Sinéad O’Connor

The Barbican Centre

13th April 2015

It’s a warm April evening and we head up to the Barbican Centre for a night of music supplied by prolific singer/song writer Sinéad O’Connor and supported by the very talented fellow Irish duo, Morrissey and Marshal. The Barbican is a beautiful venue with the acoustics able to bring shivers down any gig goers spine. The last time I went to see Sinéad live was at the Roundhouse last year and it was also my first encounter with those rich vocal tones in a live setting. Morrissey and Marshal coincidently also supported back then and left quite an impression on the crowd conjuring memories of an early Simon And Garfunkel. Sinéad’s set kicks off with the John Grant cover ‘Queen Of Denmark’. The audience erupted as she passionately set into the chorus and with her fist in the air she made the room shake! ‘4th And Vine’ was next up and it was taken to a whole new level enthused with such passion not unfamiliar with a live gig of hers. ‘Take Me To Church’ and ‘No Man’s Woman’ followed with the same drive and the audience were lapping it up! He joked about how bad she was at playing the guitar and that she’s thankful the band were there to fill in as she strummed the opening chords to ‘The Wolf Is Getting Married’. Things took a dark twist as the band grouped together to form the audio backdrop for ‘Harbour’ one of the tracks off O’Connor’s new album with its breathy opening and then a sudden push in to heavy’ish rock sounds combined with Sinéad’s bewitching vocal delivery.

‘In This Heart’ is a real emotional song that left many watery eyes in the venue. I witnessed her preform this again back at the Roundhouse and it is a real highlight as she approaches it as a cappella just as it is of the Universal Mother album and with each verse another band member joins in, first being Sinéad, then Brooke Supple (Rhythm), then Clare Kenny (Bass) then lastly then guys join in to give a real textured sound – The acoustics bring it to a whole other level. Next O’Connor explained that she lived in London from 98-2000 and that in light of the current situation in the US I made the choice of ‘Black Boys On Mopeds’ a very topical and poignant moment of the evening as the venue erupted with applause. Once again we were left with just her and the guitar as she again apologises about her guitar playing but then silences the room with ‘Dark I Am Yet Lovely’. ‘Jealous’ co written with Dave Stewart for Faith And Courage, this song was given a fresh lease of life with what sounded like a subtle Reggae under tone that gave it an interesting vibe and it totally worked!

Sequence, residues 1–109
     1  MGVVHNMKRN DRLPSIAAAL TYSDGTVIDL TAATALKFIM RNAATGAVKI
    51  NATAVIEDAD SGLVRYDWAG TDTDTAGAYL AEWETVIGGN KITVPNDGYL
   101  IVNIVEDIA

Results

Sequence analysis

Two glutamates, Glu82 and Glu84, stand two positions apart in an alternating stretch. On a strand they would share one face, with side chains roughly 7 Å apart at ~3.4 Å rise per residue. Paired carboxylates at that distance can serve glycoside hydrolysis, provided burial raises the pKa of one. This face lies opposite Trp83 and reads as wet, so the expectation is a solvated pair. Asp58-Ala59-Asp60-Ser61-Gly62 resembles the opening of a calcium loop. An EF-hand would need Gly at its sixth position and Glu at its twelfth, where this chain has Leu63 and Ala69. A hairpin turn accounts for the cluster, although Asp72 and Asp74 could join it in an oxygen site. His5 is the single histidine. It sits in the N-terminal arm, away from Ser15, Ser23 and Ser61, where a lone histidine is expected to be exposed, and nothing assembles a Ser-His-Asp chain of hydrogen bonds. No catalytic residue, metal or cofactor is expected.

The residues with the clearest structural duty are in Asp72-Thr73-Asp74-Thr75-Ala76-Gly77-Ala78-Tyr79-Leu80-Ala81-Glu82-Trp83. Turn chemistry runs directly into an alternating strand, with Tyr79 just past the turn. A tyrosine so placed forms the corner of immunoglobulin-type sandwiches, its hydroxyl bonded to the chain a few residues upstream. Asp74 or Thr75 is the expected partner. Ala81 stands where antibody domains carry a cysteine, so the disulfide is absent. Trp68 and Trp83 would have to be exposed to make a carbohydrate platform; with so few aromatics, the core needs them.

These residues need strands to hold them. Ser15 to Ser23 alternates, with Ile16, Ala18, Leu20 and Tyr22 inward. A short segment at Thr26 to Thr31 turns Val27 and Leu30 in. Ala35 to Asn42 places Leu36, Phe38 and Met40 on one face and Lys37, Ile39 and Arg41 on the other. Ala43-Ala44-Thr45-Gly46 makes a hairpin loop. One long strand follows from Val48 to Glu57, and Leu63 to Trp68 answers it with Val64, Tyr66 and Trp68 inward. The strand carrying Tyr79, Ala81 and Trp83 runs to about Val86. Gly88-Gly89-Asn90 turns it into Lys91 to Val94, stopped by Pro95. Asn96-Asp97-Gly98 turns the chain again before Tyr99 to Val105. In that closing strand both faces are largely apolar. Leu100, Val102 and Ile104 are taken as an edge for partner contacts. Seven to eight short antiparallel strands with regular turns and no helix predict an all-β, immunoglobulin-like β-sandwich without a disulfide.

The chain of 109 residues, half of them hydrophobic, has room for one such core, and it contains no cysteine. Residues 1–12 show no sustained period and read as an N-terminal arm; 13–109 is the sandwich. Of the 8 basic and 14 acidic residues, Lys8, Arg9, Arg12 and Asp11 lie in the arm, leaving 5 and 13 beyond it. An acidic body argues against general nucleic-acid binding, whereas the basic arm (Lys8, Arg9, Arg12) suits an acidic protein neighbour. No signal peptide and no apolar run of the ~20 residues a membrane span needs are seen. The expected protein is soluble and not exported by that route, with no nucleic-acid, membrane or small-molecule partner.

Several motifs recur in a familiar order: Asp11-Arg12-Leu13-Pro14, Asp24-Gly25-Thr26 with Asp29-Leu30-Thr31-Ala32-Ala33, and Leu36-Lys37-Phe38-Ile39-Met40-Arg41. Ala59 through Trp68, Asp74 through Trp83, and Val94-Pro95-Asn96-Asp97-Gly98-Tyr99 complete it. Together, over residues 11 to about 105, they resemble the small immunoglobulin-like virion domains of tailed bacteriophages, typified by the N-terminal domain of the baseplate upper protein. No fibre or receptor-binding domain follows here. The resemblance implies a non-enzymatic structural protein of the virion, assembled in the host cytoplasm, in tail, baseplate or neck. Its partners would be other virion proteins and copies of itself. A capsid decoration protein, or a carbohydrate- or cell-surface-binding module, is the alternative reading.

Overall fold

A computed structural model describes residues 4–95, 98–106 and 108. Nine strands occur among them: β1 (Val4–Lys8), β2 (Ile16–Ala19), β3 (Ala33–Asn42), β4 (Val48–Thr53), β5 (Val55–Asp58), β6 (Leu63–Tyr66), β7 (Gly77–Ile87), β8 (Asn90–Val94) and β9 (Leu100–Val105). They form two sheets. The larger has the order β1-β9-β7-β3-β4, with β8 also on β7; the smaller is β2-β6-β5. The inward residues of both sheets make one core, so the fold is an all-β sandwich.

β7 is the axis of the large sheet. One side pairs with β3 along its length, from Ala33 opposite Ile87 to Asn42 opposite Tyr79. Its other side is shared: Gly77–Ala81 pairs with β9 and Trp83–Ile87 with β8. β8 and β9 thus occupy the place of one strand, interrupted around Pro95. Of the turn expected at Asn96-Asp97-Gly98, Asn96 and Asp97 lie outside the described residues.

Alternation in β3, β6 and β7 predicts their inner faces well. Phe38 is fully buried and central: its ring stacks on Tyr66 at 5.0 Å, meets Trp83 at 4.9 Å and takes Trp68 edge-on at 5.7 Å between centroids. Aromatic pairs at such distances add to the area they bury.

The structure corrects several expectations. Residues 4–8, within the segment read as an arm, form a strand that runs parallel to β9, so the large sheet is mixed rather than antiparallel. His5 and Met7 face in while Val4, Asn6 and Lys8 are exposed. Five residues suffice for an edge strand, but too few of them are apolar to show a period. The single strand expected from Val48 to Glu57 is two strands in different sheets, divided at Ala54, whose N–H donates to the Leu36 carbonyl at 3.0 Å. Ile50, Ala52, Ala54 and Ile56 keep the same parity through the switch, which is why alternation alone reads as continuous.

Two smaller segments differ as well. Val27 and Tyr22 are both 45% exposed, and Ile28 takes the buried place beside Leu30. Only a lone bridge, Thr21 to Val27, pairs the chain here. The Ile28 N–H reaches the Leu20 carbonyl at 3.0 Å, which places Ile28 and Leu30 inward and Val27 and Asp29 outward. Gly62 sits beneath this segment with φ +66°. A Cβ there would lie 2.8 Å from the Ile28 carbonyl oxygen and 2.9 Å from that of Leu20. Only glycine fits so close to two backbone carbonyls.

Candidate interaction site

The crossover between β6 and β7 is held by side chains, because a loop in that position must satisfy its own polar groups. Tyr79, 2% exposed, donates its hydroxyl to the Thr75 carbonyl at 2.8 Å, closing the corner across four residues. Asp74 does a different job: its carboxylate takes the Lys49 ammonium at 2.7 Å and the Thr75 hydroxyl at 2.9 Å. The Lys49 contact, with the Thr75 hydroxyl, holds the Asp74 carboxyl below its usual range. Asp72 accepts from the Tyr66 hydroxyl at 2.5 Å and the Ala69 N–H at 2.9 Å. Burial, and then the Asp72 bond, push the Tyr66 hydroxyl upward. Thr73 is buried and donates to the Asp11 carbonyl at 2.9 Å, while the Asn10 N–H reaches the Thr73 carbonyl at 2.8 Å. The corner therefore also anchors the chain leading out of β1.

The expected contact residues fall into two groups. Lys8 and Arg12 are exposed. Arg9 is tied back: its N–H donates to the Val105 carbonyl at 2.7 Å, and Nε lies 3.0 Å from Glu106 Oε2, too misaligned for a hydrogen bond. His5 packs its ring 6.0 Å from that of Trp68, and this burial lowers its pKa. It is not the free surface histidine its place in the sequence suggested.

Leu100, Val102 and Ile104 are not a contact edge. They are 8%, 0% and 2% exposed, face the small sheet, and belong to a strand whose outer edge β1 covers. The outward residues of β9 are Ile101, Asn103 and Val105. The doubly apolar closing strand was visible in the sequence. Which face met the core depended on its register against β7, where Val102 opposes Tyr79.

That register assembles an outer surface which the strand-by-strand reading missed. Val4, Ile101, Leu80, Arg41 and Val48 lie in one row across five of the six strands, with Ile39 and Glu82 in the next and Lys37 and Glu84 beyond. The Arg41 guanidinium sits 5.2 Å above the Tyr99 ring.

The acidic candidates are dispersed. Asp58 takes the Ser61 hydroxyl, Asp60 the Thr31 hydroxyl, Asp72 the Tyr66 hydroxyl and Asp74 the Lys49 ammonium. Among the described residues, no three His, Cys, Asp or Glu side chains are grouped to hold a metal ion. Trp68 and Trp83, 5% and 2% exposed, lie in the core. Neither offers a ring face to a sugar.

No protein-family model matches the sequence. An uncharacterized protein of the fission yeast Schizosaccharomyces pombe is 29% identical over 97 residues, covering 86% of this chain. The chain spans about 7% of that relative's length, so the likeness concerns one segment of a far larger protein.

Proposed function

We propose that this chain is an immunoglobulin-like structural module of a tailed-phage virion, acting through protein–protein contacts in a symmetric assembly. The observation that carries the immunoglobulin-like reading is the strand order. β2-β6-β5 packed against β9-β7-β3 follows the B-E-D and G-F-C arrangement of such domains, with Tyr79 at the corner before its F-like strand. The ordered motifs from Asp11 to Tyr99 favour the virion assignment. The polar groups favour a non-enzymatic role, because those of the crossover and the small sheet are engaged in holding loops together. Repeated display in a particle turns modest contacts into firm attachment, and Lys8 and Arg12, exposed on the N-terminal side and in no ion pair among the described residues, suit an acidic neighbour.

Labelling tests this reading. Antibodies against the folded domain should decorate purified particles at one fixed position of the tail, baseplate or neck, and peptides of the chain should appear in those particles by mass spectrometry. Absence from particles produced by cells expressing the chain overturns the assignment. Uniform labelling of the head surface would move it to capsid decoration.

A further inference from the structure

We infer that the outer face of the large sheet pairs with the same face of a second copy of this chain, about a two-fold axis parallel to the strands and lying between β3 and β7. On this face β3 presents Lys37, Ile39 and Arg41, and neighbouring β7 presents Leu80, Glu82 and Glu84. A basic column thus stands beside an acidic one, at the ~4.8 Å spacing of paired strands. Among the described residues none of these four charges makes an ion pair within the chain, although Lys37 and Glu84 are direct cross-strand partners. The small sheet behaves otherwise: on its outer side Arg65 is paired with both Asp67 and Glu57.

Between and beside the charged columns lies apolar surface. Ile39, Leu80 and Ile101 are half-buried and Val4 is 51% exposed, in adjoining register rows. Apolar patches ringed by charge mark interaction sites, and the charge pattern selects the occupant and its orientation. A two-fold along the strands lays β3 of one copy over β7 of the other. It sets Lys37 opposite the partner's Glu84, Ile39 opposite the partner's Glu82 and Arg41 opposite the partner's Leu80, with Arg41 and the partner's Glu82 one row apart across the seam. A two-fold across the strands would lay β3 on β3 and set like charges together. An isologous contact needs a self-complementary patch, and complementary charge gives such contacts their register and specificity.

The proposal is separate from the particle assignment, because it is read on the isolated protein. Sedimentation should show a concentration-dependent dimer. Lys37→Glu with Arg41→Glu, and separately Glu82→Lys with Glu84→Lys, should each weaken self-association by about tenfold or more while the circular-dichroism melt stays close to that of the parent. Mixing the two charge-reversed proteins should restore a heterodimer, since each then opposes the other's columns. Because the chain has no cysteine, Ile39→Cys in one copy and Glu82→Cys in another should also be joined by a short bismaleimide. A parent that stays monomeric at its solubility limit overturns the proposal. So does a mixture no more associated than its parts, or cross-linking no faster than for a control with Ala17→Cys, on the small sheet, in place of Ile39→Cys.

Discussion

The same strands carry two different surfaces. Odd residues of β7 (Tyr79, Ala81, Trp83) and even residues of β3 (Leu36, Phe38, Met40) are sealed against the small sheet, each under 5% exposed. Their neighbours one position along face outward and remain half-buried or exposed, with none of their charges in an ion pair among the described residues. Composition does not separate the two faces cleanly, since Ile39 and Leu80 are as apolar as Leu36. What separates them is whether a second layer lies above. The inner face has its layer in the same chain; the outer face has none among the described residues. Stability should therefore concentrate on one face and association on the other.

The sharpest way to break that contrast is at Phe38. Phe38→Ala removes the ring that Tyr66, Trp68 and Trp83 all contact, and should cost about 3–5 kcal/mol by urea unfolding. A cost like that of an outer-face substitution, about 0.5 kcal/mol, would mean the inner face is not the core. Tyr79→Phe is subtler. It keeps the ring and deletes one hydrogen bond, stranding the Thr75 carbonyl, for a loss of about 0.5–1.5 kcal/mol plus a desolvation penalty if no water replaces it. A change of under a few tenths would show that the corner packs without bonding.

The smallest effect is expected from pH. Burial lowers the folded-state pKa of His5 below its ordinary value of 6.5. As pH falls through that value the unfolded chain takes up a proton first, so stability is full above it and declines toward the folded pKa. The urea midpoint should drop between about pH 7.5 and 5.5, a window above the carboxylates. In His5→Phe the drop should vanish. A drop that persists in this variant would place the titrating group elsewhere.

At 48 Sinéad was very proud to announce to the audience that she has recently become a granny and supported a rather cute T-shirt that read ‘Grandma, 2015’ with a loading bar underneath. The next song of the evening was dedicated to her new grandchild ‘The Healing Room’ which was given a rather funky rework for this gig that again worked. ‘Thank You For Hearing Me’ is a song that was almost written for that room, you could hear a pin drop. ‘The Lamb’s Book Of Life’ is a song that I love but it just wasn’t happening here, it got off to an awkward start and Sinéad having to constantly signal for her monitor to be louder, shame really but just didn’t move me like it would normally do. ‘The Emperor’s New Clothes’ is a fan favorite and a staple of any Sinéad O’Connor gig and she delivered perfectly on this one as well as ‘The Last Day Of Our Acquaintance’. The band left the stage to huge cheers and applause. After a couple of minutes Sinéad came back out with her keyboard player, Graham Henderson to play an encore of ‘Street Cars’ followed by just Sinéad singing a cappella alone to a traditional Irish folk song ‘She Moved Through The Fair’ which was a fitting end to a beautiful evening. There was no sign of ‘Nothing Compares To You’ which seems to be another staple of the artists touring set, however she revealed earlier this year that she just doesn’t connect with the song any more so she intends to retire it after her next show.

There is no denying that there is something about Sinéad O’Connor that seems so effortless in her performance but at the same time you know that she is giving every ounce of her soul to each performance.


Kieran White